The laundry room is probably the most overlooked functional space when it comes to organization. Many families treat the laundry room as emergency “out of sight, out of mind” storage or for anything that doesn’t have a designated place elsewhere. Taking some time to carefully plan out and organize the laundry room may prove to be a long-term time saver as well as a way to remove some of the clutter that diminishes your enjoyment of your home.
Most people start by looking at the spaces around their appliances, but it is a better idea to look directly at the washer and dryer and make some decisions about them before doing anything else.
Are they too big for the loads that you are running? Are they old and inefficient in water, energy, and time use? Could you replace them with a stacked unit to free up space? On front-loading machines, would reversing the door to open the other way make loading and unloading easier?
When considering the appliances, take a few minutes to think about the sink, if you have one, as well as where you store and use your ironing board. Ask similar questions about the sink as you did for the washer/dryer and consider mounting a pull-down ironing board on the wall or door to save space.
Identify Storage Needs
Before you run out to buy high end storage containers, bins, and cabinets, take an honest assessment of what you need to store in your laundry room and where it will go. Laundry supplies should be in a cabinet or shelf near the machines while general cleaning supplies may go under the sink or in a separate closet or cabinet. Many families use the laundry room to store off-season clothing, pet supplies, sporting equipment or even convert part of the room into a food pantry.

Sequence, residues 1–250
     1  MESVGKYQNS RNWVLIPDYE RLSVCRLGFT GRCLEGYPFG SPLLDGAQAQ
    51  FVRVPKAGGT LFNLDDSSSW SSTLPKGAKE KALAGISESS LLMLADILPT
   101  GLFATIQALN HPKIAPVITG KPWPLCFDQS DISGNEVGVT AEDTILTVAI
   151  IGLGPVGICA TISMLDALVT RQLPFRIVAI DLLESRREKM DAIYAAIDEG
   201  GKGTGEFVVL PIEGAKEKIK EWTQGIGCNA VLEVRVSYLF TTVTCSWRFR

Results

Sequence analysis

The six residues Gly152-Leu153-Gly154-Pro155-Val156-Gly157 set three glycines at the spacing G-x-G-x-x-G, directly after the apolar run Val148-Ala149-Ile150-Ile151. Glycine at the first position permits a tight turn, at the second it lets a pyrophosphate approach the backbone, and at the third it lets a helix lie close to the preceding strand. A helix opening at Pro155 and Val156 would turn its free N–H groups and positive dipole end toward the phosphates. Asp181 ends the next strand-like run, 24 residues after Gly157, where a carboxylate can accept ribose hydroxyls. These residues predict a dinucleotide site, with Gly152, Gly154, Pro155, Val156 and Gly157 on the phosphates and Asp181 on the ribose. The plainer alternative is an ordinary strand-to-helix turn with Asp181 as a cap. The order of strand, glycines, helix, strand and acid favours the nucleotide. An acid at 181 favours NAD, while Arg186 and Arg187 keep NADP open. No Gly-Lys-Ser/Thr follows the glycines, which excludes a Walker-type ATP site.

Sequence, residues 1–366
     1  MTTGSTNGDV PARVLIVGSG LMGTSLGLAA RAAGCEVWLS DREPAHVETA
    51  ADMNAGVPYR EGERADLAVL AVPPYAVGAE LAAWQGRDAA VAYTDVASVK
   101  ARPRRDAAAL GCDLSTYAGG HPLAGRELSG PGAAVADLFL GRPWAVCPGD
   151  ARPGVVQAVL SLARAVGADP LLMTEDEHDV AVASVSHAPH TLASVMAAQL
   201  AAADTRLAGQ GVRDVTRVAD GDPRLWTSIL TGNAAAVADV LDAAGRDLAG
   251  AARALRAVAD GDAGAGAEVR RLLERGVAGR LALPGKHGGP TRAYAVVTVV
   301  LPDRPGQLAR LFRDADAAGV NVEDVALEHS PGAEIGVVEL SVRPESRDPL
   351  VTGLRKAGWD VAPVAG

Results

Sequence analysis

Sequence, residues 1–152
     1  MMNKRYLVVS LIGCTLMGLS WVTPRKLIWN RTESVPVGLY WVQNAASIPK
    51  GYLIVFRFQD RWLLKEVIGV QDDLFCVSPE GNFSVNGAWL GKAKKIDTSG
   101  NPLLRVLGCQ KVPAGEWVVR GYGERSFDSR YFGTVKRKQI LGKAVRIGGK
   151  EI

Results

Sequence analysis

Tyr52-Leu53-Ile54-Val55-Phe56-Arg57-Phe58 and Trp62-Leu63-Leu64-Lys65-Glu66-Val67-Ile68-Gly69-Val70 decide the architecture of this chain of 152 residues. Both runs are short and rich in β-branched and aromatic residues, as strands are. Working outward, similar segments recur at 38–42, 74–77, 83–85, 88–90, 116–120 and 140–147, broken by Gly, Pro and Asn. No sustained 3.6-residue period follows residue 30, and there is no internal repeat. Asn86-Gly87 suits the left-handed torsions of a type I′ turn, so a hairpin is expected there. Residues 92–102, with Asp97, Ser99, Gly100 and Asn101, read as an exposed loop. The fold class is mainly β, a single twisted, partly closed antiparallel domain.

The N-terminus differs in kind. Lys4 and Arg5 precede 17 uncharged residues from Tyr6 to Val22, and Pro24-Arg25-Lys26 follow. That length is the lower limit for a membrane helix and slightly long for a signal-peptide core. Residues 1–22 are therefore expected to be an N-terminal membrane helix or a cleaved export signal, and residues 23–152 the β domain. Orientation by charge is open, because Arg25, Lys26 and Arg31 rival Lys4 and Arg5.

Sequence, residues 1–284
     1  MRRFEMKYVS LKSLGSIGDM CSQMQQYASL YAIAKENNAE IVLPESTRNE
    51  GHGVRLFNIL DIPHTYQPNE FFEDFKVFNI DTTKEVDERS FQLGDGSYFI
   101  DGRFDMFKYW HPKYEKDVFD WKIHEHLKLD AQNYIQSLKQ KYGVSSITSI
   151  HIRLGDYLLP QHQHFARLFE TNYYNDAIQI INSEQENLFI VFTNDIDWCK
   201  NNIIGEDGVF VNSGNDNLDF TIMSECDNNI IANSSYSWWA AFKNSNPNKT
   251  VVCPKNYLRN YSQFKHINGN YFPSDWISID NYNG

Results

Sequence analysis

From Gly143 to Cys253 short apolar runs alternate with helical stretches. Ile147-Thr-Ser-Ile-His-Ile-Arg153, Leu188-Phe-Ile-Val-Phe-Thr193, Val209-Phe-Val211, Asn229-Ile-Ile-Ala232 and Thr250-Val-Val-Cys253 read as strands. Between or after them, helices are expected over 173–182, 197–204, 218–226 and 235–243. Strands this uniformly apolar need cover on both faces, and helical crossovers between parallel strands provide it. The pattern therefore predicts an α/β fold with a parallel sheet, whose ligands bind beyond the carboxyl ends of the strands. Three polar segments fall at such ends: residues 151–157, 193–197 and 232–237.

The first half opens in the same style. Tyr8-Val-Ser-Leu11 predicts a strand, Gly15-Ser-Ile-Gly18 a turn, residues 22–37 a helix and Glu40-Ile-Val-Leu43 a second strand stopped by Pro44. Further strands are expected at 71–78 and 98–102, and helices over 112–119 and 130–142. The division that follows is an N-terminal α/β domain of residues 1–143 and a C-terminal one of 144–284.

Once you know what you’re going to store, you can make choices about what types of storage you need and begin to put together a coordinated plan.
Remember It’s a LAUNDRY Room
Your goal isn’t to make a general purpose storage room. You need to be able to do all the tasks associated with laundry here with storage as a secondary purpose. Make sure you have counter space for folding clothes. If there isn’t room to install a counter, you can purchase a folding table, add a pull-down counter, or have waterproof board that you can put over your sink to convert it into a counter.
To save time on sorting laundry, install several hampers clearly labeled for darks, lights, and whites and get everyone to sort their own dirty clothes into the appropriate bins.
You will also want to consider what drying system will work best for your needs. You can install an indoor clothesline, use a collapsible drying rack, or buy a portable rack. You can even put a rod across the doorway for hanging clothes while they dry.
If you find yourself with too many tubs of off-season clothing or other general storage bins and boxes, consider moving these to an attic, basement, or garage or even renting a self-storage unit.
One last tip: Designate a bin in the laundry room as your household’s “lost and found.” Since you will undoubtedly find more than loose change when you empty pockets, it makes sense to put all found items together and teach your family where to look.